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Community Development Block Grants_Section 108 Loan Guarantees

Published on AidPage by IDILOGIC on Jun 24, 2005

Administered by:

Assistance considerations...

Length and Time Phasing of Assistance

The maximum repayment period for a Section 108 loan is twenty years. Repayment schedules and forms are negotiable.

Formula and Matching Requirements

Section 108 has no matching requirement but Section 108 funds (like CDBG funds) may be used as local matching funds for most other Federal programs. Maximum commitment amounts are limited as follows: Entitlement Public Entities an entitlement public entity may apply for up to five times the public entity's latest (approved) CDBG entitlement amount, minus any outstanding Section 108 commitments and/or principal balances on Section 108 loans; State assisted public entities a nonentitlement public entity may apply for up to five times the latest (approved) CDBG amount received by its State, minus any outstanding Section 108 commitments and/or principal balances on Section 108 loans for which the State has pledged its CDBG funds as security; and Nonentitlement public entities eligible under the HUD administered Small Cities Program in Hawaii, the maximum commitment amount is five times the public entity's latest grant under Subpart F of 24 CFR Part 570, minus any outstanding Section 108 commitments and/or principal balances on Section 108 loans.

Note:
A formula may be based on population, per capita income, and other statistical factors. Applicants are informed whether there are any matching requirements to be met when participating in the cost of a project. In general, the matching share represents that portion of the project costs not borne by the Federal government. Attachment F of OMB Circular No. A-102 (Office of Management and Budget) sets forth the criteria and procedures for the evaluation of matching share requirements which may be cash or in-kind contributions made by State and local governments or other agencies, institutions, private organizations, or individuals to satisfy matching requirements of Federal grants or loans.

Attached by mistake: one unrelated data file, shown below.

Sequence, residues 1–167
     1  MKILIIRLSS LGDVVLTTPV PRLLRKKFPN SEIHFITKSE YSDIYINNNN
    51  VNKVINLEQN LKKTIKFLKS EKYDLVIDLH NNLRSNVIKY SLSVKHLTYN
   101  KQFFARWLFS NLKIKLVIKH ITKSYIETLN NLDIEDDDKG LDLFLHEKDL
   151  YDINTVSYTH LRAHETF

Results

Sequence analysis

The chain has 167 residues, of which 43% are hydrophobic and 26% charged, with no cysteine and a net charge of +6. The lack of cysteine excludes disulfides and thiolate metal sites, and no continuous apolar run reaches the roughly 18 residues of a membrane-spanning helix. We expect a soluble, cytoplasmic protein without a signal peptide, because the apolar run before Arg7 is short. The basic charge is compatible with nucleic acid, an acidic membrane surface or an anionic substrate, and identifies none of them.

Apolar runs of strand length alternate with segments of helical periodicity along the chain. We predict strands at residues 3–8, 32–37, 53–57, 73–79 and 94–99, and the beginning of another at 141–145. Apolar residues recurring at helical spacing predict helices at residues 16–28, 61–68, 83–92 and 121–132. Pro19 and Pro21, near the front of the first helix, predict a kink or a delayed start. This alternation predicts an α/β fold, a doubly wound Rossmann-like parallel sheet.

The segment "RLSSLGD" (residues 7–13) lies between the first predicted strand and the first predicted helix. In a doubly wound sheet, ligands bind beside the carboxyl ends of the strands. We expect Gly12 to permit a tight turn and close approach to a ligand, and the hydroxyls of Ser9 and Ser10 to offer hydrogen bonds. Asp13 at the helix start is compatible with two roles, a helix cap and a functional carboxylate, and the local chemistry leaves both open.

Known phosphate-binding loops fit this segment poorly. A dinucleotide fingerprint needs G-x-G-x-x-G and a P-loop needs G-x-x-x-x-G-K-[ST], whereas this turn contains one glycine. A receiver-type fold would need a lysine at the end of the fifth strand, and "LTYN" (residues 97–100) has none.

Cash contributions represent the grantees' cash outlay, including the outlay of money contributed to the grantee by other public agencies, institutions, private organizations, or individuals. When authorized by Federal regulation, Federal funds received from other grants may be considered as the grantees' cash contribution.

In-kind contributions represent the value of noncash contributions provided by the grantee, other public agencies and institutions, private organizations or individuals. In-kind contributions may consist of charges for real property and equipment, and value of goods and services directly benefiting and specifically identifiable to the grant program. When authorized by Federal legislation, property purchased with Federal funds may be considered as grantees' in-kind contribution.

Maintenance of effort (MOE) is a requirement contained in certain legislation, regulations, or administrative policies stating that a grantee must maintain a specified level of financial effort in a specific area in order to receive Federal grant funds, and that the Federal grant funds may be used only to supplement, not supplant, the level of grantee funds.